There are spoilers in this review. If you haven’t seen Rogue One yet, stop what you’re doing and go see it.
I’ve eagerly anticipated Rogue One—even more than The Force Awakens—since I first read about it two years ago. Along with Star Wars, I loved the swashbuckling war movies from the 1960s as a young adult.
When rumors began that Rogue One was a “war movie set in the Star Wars Universe”, my expectations only increased. Just as Star Wars is an homage to the Flash Gordon serials, I hoped Rogue One could be an homage to movies such as The Guns of Navarone, The Great Escape, and Bridge over the River Kwai.
Then a month ago, news spread that Michael Giacchino would compose the Rogue One score. It is no secret I love his music. His prior work on the Medal of Honor series of games seemed to support my fantasy for a throwback war movie. I even put together a playlist which combined a few 60s soundtracks with some of Giacchino’s work on Medal of Honor.
I’m happy to say that Rogue One delivers, and so does its soundtrack. It seems my Top Ten has a new resident.
The movie is a departure from the classic episodic Star Wars movies we all know and love1. I knew Rogue One was rumored to be different, so I was particularly curious how it’d open. Since it’s a standalone story, the directors decided it didn’t need an opening crawl. More on that in a moment.
Alterations to the format weren’t the only changes—Giacchino is only the third composer to write music for Star Wars. He’s the first to write for a feature movie, who’s name isn’t John Williams.
It was Williams who sparked my original interest in film scores, with his 1977 score for Star Wars2. I remember clearly the first time I heard the flute and french horn melody from Princess Leia’s Theme, and the foreboding low brass choir from Imperial Attack.
When it comes to film scores, the Star Wars soundtrack was my first love.
Giacchino had large shoes to fill. I wanted the character from his Medal of Honor scores, and the bombastic brass from Jupiter Ascending adapted to the Star Wars universe. But I also wanted the quiet sadness he brought to his LOST scores—something which isn’t common in the Star Wars music canon.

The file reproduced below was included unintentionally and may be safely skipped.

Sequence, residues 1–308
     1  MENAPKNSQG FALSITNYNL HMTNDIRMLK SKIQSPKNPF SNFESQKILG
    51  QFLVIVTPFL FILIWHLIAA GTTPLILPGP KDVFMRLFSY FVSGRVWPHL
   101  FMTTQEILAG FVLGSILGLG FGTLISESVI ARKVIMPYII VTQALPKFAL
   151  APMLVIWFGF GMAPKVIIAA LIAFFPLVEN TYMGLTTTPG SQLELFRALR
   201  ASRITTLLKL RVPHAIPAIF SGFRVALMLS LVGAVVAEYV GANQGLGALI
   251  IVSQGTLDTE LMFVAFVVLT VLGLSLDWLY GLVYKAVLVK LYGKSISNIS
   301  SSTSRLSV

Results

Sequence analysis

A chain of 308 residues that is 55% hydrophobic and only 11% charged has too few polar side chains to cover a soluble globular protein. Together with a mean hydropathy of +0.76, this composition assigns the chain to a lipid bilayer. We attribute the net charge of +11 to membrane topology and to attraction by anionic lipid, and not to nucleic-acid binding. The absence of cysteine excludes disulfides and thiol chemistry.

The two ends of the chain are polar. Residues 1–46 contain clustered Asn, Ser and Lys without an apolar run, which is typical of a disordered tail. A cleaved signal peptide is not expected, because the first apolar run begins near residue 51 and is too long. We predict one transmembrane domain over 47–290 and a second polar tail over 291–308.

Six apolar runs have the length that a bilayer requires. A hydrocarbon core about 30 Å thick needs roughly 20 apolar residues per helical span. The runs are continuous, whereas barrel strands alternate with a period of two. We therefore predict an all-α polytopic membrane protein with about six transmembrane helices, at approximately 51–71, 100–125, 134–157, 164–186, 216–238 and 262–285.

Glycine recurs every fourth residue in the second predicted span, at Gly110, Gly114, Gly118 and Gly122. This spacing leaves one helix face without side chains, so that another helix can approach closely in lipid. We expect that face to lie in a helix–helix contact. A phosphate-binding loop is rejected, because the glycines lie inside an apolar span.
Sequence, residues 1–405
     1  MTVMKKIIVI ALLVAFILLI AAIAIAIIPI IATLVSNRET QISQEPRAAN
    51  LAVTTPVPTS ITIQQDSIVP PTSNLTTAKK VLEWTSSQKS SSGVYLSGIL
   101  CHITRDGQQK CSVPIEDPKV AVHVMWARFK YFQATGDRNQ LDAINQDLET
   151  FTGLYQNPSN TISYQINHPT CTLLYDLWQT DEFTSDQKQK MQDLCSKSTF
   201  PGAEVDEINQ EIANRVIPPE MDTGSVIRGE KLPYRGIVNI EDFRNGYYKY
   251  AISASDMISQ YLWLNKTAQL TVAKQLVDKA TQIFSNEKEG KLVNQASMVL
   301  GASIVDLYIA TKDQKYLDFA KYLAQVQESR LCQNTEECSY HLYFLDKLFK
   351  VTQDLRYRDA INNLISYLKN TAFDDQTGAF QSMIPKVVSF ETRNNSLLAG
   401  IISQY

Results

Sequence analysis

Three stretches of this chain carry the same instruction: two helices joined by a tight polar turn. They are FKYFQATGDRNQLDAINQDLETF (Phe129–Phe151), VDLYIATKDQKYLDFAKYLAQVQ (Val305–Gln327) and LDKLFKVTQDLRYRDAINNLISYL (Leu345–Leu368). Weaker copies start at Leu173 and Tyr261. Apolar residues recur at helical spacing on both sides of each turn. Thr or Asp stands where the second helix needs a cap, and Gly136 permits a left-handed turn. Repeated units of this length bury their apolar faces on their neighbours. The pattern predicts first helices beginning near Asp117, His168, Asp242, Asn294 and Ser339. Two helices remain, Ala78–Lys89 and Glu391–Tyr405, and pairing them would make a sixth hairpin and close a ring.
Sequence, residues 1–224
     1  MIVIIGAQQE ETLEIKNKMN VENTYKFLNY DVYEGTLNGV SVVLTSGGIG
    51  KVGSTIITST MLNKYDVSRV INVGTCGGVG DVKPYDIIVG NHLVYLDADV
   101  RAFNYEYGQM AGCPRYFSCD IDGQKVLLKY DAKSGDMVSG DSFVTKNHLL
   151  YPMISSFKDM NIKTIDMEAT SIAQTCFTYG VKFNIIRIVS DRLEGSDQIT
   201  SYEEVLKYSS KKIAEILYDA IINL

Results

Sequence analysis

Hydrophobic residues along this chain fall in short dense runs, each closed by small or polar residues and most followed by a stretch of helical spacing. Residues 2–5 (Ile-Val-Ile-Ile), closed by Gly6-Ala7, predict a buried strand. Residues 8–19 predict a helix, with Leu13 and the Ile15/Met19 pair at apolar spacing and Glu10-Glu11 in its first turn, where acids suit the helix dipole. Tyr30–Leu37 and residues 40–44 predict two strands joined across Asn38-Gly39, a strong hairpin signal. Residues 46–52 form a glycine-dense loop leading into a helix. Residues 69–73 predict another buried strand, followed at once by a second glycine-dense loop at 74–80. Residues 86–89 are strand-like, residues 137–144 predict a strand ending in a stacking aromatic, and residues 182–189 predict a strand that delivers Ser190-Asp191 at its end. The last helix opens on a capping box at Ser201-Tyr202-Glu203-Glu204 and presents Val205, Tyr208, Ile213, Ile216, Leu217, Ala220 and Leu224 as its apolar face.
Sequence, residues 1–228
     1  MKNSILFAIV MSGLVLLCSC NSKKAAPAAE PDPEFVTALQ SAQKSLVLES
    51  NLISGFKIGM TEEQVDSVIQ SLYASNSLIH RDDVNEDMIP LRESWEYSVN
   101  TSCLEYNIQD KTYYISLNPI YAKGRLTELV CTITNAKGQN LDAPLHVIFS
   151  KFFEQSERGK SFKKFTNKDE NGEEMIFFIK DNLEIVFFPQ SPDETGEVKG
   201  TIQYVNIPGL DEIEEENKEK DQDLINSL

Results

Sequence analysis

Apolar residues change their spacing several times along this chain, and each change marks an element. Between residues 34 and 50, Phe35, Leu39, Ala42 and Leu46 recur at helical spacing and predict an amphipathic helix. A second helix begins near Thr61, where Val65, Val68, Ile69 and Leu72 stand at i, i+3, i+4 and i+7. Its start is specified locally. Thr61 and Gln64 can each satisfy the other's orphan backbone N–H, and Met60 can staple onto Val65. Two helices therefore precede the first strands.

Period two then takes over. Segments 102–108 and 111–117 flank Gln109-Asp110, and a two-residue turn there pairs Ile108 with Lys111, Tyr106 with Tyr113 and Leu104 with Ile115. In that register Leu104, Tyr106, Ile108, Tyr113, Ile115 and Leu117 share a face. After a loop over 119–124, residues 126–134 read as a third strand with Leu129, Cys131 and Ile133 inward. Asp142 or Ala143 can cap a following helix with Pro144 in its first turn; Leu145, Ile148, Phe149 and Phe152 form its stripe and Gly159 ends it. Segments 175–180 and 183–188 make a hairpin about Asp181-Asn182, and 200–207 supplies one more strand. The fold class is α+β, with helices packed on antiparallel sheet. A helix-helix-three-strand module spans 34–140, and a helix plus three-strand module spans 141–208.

Put another way, I wanted a great Star Wars score, and also a great Giacchino score. We got both.
Last week the Architect found my AirPlay speaker from my office in Virginia, hidden in a random box at the back of our garage. Since my replacement set of QC35s were still in transit, I decided to give my old friend first crack at the score.
You know the delay when an AirPlay speaker first connects? Combine that with an unknown speaker volume, which turned out to be unnecessarily loud for the room, and well… the first track scared the shit out of everyone in the house.
Despite the terror inflicted on my young children, I really enjoy the cold open. The sharp glissando pulls you directly into the movie, and pairs well with the cut from black to the moon and star-field.
The second half of the opening occurs at the end of the Track 2, A Long Ride Ahead, which starts with the death of Jyn’s mother, followed by the search for her by Krennic’s guards. Then at the 3:30 mark, we are treated to a brief title fanfare. It lasts for about thirty seconds.
It’s not William’s iconic opening fanfare, but definitely sounds from the same family. It’s little more than an aperitif—teasing what Giacchino could’ve done with a longer sequence that included a crawl. I really like it.
There are little touches that allow this score to stand on its own, yet feel like a natural addition to the Star Wars musical universe.
You can argue the delayed title card is evidence that Rogue One is like every other non-Star Wars action movie, but I won’t hear it. It sounds familiar, so it can get away with altering the format.
Star Wars is an ethos, not a rigid set of rules.
Listening to the score, it’s clear where Giacchino adapted certain themes. Jyn Erso’s theme has elements of Williams’ Rebellion theme3. The modest theme for the Guardians of the Whills borrows from William’s Force theme, and Anakin & Padme’s love theme4 heard in Attack of the Clones5.
Unexplored and new characters required their own themes. Giacchino’s talent shines here as well. He used a musical vocabulary—orchestration, and chord structures—similar to Williams’ Star Wars sound to fuse with his own.